Archive for March 22, 2016

Diabetes and risk of community-acquired Staphylococcus aureus bacteremia: A population-based case-control study

Eur J Endocrinol March 10, 2016

Jesper Smith, Mette Søgaard, Henrik Carl Schønheyder, Henrik Nielsen, Trine Frøslev and Reimar Wernich Thomsen

J Smit, Department of Clinical Microbiology, Aalborg University Hospital, Aalborg, Denmark

M Søgaard, Department of Clinical Epidemiology, Aarhus University Hospital, Aarhus, Denmark

H Schønheyder, Department of Clinical Microbiology, Aalborg University Hospital, Aalborg, Denmark

H Nielsen, Department of Infectious Diseases, Aalborg University Hospital, Aalborg, Denmark

T Frøslev, Department of Clinical Epidemiology, Aarhus University Hospital, Aarhus, Denmark

R Thomsen, Department of Clinical Epidemiology, Aarhus University Hospital, Aarhus, Denmark

Correspondence: Jesper Smit, Email: jesm@rn.dk

Objective

Patients with diabetes may experience higher risk of Staphylococcus aureus bacteremia (SAB) than patients without diabetes due to decreased immunity or coexisting morbidities. We investigated the risk of community-acquired (CA) SAB in persons with and without diabetes.

Design

Using population-based medical databases, we conducted a case-control study of all adults with first-time CA-SAB and matched population controls in Northern Denmark, 2000-2011.

Methods

Based on conditional logistic regression, we computed odds ratios (ORs) of CA-SAB according to diabetes. We further assessed whether the risk of CA-SAB differed according to various diabetes-related characteristics (e.g. duration of diabetes, glycemic control, and presence of diabetes complications).

Results

We identified 2,638 patients with incident CA-SAB of which 713 (27.0%) had diabetes, and 26,379 matched population controls (2,495 or 9.5% with diabetes). Individuals with diabetes had a substantially increased risk of CA-SAB compared with population controls (adjusted OR=2.8 (95% confidence interval (CI), 2.5-3.1)). Diabetes duration of ≥10 years and poor glycemic control conferred higher risk estimates, with an adjusted OR=2.3 (95% CI, 1.9-2.7) for diabetes with Hba1c <7% (<53 mmol/mol) and an adjusted OR=5.7 (95% CI, 4.2-7.7) for diabetes with Hba1c ≥9% (≥75 mmol/mol). The risk of CA-SAB was particularly high in patient with diabetes complications: adjusted OR=5.5 (95% CI, 4.2-7.2) with presence of microvascular complications and OR=7.0 (95% CI, 5.4-9.0) with combined macro- and microvascular complications.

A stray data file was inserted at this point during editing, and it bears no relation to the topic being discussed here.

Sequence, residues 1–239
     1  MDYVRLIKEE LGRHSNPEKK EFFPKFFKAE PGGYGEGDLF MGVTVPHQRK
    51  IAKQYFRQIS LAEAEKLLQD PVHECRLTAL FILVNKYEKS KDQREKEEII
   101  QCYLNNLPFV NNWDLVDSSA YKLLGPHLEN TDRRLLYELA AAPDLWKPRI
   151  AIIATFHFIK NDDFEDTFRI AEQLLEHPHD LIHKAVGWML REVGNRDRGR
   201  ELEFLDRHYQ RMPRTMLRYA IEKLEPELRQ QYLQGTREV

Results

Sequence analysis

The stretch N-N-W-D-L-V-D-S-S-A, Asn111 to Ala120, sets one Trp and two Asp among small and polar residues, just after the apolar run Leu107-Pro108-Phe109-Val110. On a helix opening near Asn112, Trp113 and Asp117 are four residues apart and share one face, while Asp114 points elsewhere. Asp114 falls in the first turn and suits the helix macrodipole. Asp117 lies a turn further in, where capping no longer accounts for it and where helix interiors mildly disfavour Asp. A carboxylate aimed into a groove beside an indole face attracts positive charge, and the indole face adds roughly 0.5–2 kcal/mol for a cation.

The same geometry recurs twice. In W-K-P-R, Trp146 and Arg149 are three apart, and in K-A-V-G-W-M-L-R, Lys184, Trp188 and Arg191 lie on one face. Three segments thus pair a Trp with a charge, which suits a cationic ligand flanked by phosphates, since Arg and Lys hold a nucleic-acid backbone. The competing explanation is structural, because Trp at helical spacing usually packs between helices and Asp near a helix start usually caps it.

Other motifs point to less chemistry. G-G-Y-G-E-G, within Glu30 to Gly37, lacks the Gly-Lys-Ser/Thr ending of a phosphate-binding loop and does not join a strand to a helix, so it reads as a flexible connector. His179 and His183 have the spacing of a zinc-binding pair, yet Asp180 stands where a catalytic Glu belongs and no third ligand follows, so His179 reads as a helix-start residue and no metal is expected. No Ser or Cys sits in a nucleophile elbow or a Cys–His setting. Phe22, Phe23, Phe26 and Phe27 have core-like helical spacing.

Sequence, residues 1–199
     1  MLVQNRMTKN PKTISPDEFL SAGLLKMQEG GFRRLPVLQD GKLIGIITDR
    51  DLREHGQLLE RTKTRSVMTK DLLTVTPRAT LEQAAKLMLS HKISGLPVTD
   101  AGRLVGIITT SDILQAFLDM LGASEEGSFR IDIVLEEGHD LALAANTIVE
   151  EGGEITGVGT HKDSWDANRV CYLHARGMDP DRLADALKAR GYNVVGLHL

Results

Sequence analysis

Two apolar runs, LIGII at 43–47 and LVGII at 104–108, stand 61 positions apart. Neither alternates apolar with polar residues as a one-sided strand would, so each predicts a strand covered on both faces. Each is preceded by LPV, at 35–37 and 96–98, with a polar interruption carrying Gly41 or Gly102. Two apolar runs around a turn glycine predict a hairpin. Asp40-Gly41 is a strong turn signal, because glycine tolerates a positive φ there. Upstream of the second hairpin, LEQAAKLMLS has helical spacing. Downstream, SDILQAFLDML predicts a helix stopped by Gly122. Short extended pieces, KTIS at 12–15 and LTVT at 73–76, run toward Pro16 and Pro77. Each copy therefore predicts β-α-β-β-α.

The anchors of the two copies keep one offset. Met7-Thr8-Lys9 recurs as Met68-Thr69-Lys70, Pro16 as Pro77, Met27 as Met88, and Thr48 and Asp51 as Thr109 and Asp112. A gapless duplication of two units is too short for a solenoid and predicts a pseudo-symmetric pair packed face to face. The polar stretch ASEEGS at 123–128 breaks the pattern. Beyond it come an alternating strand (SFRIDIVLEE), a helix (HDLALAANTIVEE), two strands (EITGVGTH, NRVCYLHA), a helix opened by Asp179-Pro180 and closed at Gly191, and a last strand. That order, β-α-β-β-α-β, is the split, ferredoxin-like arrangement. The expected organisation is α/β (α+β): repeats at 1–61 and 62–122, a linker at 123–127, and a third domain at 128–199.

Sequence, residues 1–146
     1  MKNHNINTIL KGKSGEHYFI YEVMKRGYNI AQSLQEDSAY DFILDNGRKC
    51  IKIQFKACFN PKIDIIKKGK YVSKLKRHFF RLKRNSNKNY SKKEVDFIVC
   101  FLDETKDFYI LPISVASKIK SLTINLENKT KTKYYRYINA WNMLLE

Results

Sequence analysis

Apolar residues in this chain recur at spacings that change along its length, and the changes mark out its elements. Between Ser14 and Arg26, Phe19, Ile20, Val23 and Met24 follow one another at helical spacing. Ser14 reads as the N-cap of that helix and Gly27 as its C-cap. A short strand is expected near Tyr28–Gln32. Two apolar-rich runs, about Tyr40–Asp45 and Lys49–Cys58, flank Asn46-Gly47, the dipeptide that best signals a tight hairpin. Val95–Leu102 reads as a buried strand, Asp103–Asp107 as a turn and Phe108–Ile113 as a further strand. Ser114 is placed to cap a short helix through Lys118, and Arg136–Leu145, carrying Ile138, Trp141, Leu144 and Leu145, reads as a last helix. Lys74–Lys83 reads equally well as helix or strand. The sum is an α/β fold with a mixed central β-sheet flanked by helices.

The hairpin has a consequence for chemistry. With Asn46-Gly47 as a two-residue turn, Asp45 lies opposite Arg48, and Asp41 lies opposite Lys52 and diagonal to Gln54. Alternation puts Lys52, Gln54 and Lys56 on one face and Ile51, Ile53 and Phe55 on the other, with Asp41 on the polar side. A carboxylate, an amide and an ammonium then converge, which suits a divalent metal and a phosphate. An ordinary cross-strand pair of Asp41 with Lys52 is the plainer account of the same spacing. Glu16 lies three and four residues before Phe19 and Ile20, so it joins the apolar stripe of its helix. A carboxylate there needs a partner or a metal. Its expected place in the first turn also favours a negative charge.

Conclusions

Diabetes is associated with substantially increased risk of CA-SAB, particularly among patients with diabetes of long duration, poor glycemic control, and diabetes complications.

abstract

http://www.eje-online.org/content/early/2016/03/10/EJE-16-0023

PDF

http://www.eje-online.org/content/early/2016/03/10/EJE-16-0023.full.pdf

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March 22, 2016 at 10:40 pm

Preventing Transmission of Zika Virus in Labor and Delivery Settings Through Implementation of Standard Precautions — United States, 2016

MMWR Morb Mortal Wkly Rep 2016;65(Early Release)

Christine K. Olson, MD; Martha Iwamoto, MD; Kiran M. Perkins, MD; et al.

Although there are no reports of transmission of Zika virus from infected patients to health care personnel or other patients, minimizing exposures to body fluids is important.

Because of the potential for exposure to large volumes of body fluids during the labor and delivery process and the sometimes unpredictable and fast-paced nature of obstetrical care, the use of Standard Precautions in these settings is essential to prevent possible transmission of Zika virus from patients to health care personnel.

PDF

http://www.cdc.gov/mmwr/volumes/65/wr/pdfs/mm6511e3er.pdf

 

2016-03 Preventing Transmission of Zika Virus in Labor and Delivery Settings Through Implementation of Standard Precautions 

 

March 22, 2016 at 3:50 pm


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